All of this becomes rather cringe-making as Black out-Grits the Grits, attributing qualities and virtues to men whom Creighton and Grant disdained and whose success the Tories, lacking sufficient Machiavellian acuity until it was too late, could do little more than rhetorically undercut. Many believed Canadians excelled in the Second World War in spite of Mackenzie King, who would have preferred to keep the boys at home. Black deplores that when King visited the troops, they blew raspberries at him but declines to explain why.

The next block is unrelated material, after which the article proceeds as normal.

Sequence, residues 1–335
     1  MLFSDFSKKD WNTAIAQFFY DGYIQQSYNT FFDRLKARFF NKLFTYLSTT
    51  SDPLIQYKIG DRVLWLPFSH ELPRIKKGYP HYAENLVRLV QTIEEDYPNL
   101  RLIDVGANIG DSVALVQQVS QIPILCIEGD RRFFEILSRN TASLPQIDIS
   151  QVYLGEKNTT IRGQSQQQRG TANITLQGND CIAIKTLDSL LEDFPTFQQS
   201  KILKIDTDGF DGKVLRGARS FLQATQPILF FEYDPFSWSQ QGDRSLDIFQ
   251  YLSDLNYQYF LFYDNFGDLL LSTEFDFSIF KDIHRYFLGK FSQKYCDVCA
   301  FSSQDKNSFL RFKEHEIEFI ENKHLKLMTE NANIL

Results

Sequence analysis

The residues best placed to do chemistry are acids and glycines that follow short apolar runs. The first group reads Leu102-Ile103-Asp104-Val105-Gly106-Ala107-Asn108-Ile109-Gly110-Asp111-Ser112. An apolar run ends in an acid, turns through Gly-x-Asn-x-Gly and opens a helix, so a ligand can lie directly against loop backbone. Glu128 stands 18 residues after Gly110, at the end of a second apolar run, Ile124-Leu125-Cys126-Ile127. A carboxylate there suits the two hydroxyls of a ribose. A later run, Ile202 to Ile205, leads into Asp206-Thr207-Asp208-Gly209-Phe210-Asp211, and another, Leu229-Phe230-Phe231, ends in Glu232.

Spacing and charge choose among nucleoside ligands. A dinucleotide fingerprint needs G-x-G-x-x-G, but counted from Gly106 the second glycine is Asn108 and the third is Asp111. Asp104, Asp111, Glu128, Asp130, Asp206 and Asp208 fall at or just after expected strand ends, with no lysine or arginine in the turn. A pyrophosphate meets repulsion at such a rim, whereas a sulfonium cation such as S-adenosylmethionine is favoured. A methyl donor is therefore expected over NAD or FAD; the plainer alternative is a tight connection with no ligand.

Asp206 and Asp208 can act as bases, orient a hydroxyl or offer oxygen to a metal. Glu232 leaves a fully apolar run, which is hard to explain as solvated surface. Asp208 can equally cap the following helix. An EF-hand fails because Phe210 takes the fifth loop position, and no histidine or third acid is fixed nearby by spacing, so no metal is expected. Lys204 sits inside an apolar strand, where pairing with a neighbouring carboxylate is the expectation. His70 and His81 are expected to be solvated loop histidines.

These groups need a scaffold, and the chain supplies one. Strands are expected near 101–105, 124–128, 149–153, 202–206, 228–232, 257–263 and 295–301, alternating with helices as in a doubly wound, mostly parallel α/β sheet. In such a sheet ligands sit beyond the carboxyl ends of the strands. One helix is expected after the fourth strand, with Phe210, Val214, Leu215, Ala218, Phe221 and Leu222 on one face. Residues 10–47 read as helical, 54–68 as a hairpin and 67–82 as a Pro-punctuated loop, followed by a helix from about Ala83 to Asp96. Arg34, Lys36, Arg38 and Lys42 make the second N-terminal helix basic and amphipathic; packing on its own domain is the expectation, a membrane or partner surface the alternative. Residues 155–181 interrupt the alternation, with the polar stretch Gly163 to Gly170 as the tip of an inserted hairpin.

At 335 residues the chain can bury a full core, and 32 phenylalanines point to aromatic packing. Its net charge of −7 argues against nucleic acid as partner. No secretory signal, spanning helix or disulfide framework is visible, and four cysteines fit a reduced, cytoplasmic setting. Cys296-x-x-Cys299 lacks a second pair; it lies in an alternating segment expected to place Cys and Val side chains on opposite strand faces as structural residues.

Trudeau’s stunt in bringing about “a Canadian Constitution at last” Black calls his “parting trumpet” but he ignores the reality that few in the country were interested and not a single citizen benefited from patriation. Only in retrospect, after the stage-managed Liberal extravaganza with the Queen on Parliament Hill, did anyone in Canada have any idea what it was. Worse, many Canadians now associate 1982 and the Charter with “independence” and the birth of “rights and freedoms” as if we had never had any before — two more Liberal myths in which the Canadian Left is deeply and dishonestly invested. Black does at least concede, in one of his many splashes of vintage drollery, that Trudeau “devoted his last two years to the faddish hobby horses of his prolonged and comfortably idle youth,” such as the “woolly” and “sophomoric” peace initiative. But he should explain how the Liberals’ mass popular obfuscation of our history, flipping the British role in our national life topsy-turvy, has been a service to the country.